September muni volume drops 19%

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Municipal bond volume fell 19% in September, as the third quarter ended with a whimper.

Volume in September stumbled to $23.94 billion in 693 transactions from $29.69 billion in 842 issues in September of 2017, according to Thomson Reuters data. Issuers completed 693 transactions, off from 842 in September 2017. It was the lowest September volume since 2015.
Analysts downplayed the decline, saying issuance may be poised to pick up. New-money issuance in the ninth month of the year increased 23% to $19.06 billion in 581 deals, from $15.49 billion in 477 deals a year earlier.

“I wouldn’t put any extra stock into the low data in September this year," said Dan Heckman, senior fixed-income strategist at U.S. Bank Wealth Management. "We lost essentially two weeks with the Labor Day holiday and then this past week with the Fed meeting,”

Mikhail Foux, director of municipal research at Barclays Capital said that while September volume has surprised the firm on the downside, "August has surprised us on the upside, so it sort of evens out.” He added: “Supply in early September is typically slow, but the other weeks were relatively robust, and the current pace will likely continue for some time.”

Heckman said volume has started to normalize after a steeper decline in the first half of the year.

“Supply this year has been and will continue to be either flat or down,” Heckman said. “Issuers are being cautious and it was about this time last year, when the tax reform rush started – so the comparisons to last year are going to be skewed.”

Refunding volume plunged 70% to $2.69 billion in 85 deals, from $8.97 billion in 432 deals a year earlier.

“Refundings represented a very small portion of total, close to 10% of issuance this month,” said Foux. “Given that there was a drop in long-term new money issuance in 2008 at the onset of the financial crisis, (which drives the current refunding activity), we do not expect a lot of refundings for the next 3-6 months both outright and as a percentage of total. Meanwhile, new money issuance is actually up compared with 2017, which is consistent with this year’s trend.”

Combined new-money and refunding issuance dropped 58.1% to $2.19 billion, while issuance of revenue bonds declined 17.4% to $15.67 billion and general obligation bond sales fell 22.9% to $8.26 billion.

With three quarters in the books, long-term muni volume is sitting at $249.4 billion, compared with $293.2 billion for a 14.9% decline from the same period in 2017. The third quarter alone this year accounted for $84.22 billion, down from the $92.2 billion in the third quarter in 2017.

“Given that there are only 6-7 active weeks left in the year, we expect supply in October and the first half of November to be on the heavier side, likely in the $25-30 billion range, though December should be slower, in our view,” Foux said.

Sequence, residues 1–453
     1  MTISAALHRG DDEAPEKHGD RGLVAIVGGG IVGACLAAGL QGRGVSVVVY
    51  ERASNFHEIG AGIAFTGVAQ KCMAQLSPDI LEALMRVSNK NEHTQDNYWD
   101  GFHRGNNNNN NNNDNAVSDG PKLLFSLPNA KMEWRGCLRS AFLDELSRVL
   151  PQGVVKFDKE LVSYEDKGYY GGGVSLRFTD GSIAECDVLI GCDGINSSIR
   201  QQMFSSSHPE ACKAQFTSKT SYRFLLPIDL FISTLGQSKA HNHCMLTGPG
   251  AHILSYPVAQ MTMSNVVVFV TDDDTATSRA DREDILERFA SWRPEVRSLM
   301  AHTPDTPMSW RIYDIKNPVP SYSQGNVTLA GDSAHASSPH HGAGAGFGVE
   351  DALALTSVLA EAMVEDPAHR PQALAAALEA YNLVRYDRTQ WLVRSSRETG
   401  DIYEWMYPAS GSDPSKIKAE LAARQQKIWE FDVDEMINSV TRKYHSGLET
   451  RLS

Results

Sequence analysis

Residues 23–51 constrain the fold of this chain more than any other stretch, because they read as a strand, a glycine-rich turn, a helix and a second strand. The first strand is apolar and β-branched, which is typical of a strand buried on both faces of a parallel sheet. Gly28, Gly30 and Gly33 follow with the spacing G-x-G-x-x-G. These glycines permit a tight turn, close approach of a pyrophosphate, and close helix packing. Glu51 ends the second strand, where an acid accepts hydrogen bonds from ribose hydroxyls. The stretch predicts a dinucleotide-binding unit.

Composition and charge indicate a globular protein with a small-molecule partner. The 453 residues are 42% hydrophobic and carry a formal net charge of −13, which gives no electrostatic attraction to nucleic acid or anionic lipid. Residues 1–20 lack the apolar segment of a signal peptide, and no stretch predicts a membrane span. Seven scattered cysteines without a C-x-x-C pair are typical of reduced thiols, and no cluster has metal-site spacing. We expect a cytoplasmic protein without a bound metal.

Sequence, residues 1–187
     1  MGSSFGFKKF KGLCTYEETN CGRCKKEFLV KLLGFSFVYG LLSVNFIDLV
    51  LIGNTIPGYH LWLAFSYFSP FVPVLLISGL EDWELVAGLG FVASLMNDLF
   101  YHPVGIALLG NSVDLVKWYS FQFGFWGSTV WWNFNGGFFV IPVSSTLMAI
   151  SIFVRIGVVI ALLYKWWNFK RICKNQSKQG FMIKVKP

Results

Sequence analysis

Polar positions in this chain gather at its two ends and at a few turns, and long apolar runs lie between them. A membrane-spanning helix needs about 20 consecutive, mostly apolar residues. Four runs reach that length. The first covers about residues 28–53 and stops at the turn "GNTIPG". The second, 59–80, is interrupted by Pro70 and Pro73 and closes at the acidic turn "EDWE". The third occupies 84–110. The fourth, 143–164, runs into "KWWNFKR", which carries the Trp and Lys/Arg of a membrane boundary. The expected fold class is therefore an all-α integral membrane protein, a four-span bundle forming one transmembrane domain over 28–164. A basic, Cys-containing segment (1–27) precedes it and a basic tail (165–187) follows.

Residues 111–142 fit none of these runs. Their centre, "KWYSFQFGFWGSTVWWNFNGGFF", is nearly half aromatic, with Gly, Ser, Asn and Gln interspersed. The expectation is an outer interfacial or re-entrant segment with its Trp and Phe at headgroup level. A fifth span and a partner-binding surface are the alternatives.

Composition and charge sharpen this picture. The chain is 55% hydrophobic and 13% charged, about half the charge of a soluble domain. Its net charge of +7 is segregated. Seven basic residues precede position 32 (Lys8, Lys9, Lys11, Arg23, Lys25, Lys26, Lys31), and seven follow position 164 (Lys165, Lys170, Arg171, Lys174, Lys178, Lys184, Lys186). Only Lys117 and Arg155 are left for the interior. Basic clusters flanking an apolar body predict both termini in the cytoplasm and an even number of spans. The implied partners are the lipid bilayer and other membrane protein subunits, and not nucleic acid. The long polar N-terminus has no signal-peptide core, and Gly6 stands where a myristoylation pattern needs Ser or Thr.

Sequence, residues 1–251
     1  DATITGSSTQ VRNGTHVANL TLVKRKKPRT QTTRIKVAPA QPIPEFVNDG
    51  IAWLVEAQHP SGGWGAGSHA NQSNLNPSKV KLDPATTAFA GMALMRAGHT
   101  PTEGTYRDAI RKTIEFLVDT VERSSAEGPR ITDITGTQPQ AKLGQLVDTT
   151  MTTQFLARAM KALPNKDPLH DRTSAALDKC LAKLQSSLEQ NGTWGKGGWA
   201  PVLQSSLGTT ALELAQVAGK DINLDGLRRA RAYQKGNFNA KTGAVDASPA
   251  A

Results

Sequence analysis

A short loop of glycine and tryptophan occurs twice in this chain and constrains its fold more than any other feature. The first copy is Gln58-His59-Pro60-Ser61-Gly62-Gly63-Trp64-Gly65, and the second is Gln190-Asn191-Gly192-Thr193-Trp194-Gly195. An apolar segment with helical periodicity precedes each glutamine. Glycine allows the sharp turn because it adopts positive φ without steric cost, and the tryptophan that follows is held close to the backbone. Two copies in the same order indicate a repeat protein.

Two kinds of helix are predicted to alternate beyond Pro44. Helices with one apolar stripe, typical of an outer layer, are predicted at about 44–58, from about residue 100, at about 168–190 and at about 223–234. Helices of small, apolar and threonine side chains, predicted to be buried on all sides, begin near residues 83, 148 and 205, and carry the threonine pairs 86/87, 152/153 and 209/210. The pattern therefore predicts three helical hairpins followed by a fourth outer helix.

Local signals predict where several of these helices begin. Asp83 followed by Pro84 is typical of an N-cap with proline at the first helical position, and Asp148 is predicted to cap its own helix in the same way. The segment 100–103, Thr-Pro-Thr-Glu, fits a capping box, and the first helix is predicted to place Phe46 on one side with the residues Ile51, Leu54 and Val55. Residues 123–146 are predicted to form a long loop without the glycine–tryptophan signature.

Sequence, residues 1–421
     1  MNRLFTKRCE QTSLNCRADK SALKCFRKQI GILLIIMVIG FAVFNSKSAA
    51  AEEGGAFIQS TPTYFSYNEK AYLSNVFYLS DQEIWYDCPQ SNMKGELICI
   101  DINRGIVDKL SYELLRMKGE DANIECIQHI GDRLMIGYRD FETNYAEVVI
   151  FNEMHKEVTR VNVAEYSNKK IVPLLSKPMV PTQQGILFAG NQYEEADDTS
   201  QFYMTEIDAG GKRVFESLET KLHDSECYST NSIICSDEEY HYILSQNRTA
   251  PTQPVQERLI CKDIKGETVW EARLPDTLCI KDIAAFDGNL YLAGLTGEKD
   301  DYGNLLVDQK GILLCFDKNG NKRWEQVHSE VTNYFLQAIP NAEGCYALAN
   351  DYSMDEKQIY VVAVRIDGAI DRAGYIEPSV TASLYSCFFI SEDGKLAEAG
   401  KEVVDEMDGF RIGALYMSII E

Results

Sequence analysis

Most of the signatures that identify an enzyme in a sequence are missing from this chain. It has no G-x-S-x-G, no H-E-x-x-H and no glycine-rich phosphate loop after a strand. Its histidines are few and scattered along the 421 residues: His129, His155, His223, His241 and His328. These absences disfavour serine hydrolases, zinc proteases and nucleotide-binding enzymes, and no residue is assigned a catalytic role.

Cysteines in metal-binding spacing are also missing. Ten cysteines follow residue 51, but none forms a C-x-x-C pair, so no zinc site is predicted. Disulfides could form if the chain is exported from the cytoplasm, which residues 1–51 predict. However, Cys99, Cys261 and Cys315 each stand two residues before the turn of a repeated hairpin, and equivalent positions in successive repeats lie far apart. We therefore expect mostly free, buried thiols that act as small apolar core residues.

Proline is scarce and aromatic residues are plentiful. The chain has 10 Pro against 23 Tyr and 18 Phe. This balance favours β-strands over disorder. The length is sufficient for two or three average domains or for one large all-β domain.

Negotiated deal volume was down 16.6% to $16.52 billion and competitive sales rose less than 1% to $7.18 billion.

Taxable bond volume decreased to $1.89 billion from $3.06 billion, while tax-exempt issuance fell by 17% to $21.79 billion. Minimum tax bond issuance fell to $250 million from $379 million.

Deals wrapped by bond insurance dropped 15.9% to $1.40 billion in 101 deals from $1.66 billion over 118 transactions the same time the prior year.

Variable-rate long/no put bond deals were popular in September, jumping to $1.29 billion from $314 million.

“There is a small, but noticeable increase in variable rate supply. When [interest] rates start moving higher, there is more demand for floaters, and issuers answer with more supply,” said Foux.

Half of the 10 sectors showed year-over-year increases, as general purpose issuance rose to $6.14 billion from $4.64 billion, utilities increased to $4.79 billion from $3.54 billion and development gained to $766 million from $471 million to lead the charge.

The other half decreased by at least 39.2%, as education declined to $4.84 billion from $9.09 billion and healthcare fell to $2.03 billion from $3.34 billion.

Just one type of issuer was in the green this month, as deals from counties and parishes increased to $1.36 billion from $863 million. All others saw year-over-year declines ranging from 2.7% to as high as 89.8%.

California continues to have the most issuance among states so far in 2018. The Golden State has issued $36.36 billion; New York is second with $30.78 billion; Texas is third with $26.89 billion; Pennsylvania is next with $11.34 billion; and Colorado is a new entrant into the top five with $8.43 billion.

Asked how the rest of the year will play out, Foux said right now the market seems “a little skittish.”

“We need to see how the heavier pipeline is going to be absorbed,” he said. “It is also important for rates to remain stable. Any market indigestion will cause volatility/fund outflows, and will likely dampen issuance.”

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